Your Relationship With Your Body – Reader’s Request Fridays

September 14,2012

Welcome to Reader’s Request Fridays. As a reminder, I’ll be addressing one reader email per week, so if you have a specific question you’d like answered or a topic you’d like covered, please email me at If you’re interested in counseling, call (415) 658-5738 or visit my Appointments page to schedule a consultation.

This week’s question comes from Katie.* She writes,

“Can you write more about improving your feelings about your body?”

This is a very, very big question. Your relationship with your body is likely to be one of the most complex, and probably one of the longest, relationships you will ever have. Your relationship with your body can include dynamics around your weight, your appearance, your self-esteem, your aliveness, your sexuality, your strength, your culture, and more. Entire books have been written on the subject, so I can’t do it complete justice in a single blog post. If Katie or any other readers have more specific questions, please feel free to email me!

In thinking about how to respond to this question, I decided that what I would like to offer is a suggestion for a brief experiment to try with your body. I am a big fan of experimentation in the context of therapy because it offers you the opportunity to try something new without having to make a huge commitment. For this experiment, find a time when you can be alone and enjoy a relative amount of quiet. Take a few moments to get as relaxed as possible. Focus on taking a few deep breaths and checking in to see how you are feeling. When you feel ready, think about a part of your body that you feel curious about. It can be a part that has been subject to injury or illness, or a part that you have felt self-conscious about. Take a few moments to look at that part of your body and examine it. Notice what feelings or sensations come up as you do this. Next, try telling a story about the history of that part of your body, but speaking as if you are the part. If you can, tell the story out loud. It may feel silly at first, but try not to judge yourself and let the story simply flow. Don’t worry about getting all the details right, just let yourself be creative. If you can’t think of anything, that’s OK too. The important thing is to try to think of yourself as becoming that part and taking on its point of view. You may be surprised by how different it feels to speak from your body’s perspective.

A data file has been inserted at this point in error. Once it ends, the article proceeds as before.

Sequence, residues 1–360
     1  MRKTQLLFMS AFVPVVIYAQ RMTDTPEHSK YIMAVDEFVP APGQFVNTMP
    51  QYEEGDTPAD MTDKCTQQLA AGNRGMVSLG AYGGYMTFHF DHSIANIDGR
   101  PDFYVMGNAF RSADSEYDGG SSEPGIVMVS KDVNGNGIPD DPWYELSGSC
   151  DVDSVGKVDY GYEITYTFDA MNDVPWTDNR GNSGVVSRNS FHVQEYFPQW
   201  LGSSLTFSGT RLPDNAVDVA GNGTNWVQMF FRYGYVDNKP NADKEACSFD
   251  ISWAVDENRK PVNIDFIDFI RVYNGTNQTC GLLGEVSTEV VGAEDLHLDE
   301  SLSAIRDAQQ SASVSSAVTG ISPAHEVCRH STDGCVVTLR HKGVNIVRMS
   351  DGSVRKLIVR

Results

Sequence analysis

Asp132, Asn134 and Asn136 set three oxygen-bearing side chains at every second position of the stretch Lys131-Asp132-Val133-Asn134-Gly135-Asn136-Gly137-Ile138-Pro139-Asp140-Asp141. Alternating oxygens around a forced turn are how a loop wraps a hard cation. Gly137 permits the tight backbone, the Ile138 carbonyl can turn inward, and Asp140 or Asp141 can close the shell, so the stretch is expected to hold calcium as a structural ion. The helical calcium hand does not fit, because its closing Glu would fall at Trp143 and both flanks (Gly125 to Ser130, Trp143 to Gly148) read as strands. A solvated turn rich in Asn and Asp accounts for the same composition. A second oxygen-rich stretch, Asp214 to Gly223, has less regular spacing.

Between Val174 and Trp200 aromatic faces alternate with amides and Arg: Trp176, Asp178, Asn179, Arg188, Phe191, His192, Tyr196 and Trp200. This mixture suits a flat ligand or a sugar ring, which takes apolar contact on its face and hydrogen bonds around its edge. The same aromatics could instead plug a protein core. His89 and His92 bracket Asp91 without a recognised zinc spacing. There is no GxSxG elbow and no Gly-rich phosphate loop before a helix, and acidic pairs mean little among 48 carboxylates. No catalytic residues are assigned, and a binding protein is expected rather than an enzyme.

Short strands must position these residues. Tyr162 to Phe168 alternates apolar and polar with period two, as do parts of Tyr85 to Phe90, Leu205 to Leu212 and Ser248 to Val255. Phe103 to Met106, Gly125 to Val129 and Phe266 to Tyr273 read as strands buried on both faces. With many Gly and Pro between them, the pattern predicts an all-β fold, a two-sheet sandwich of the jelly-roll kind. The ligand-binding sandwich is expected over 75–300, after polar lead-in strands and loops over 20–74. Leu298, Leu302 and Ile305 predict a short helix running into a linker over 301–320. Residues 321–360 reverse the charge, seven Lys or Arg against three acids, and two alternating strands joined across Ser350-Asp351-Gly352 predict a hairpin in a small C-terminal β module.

I asked a few friends to try out this exercise, and one reported a really interesting story about her thighs (which she gave me permission to share on this blog, as long as I didn’t include any identifying information). Like many women in this country, this woman has had a long battle with the size of her thighs. She always thought that her thighs were too fat and flabby. She suffered from an eating disorder throughout much of her college years, and went through long phases of overexerting herself through exercise. Put simply, this woman hates her thighs. She told me that when she sat down to try the experiment, it was hard to break away from her negative thoughts about her thighs. She started picturing herself sitting inside of her thighs. It took some effort, but eventually she was able to start talking as if she were her thighs. She started telling a story of how much she longed to just be accepted for who she was and how she looked. As her thighs, she talked about how hard it had been to be starved and exercised into exhaustion. She talked about being able to feel the hatred that was directed towards her. This friend caught herself off guard by how emotional she became while telling the story. She hadn’t thought she would be able to connect with her body in that way, and she was surprised by what she learned. Her story is a truly touching example of the possibilities of this experiment.

Thank you for your question Katie. I hope this simple exercise can help you get one step closer to a deeper relationship with your body.


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I'm Vanessa Marin, a sex therapist and writer specializing in helping you have more fun in the bedroom.

I have bachelor’s degrees in human sexuality and sociology from Brown University, and a master’s degree in counseling psychology from the California Institute of Integral Studies. I’m also a licensed psychotherapist. I’ve been working in the sex therapy field since 2002 and have been featured by The New York Times, O: The Oprah Magazine, Real Simple, and many more.

If you’re interested in improving your sex life, you can work with me via my online courses or personal coaching sessions. I look forward to supporting you in creating the sex life you’ve always wanted!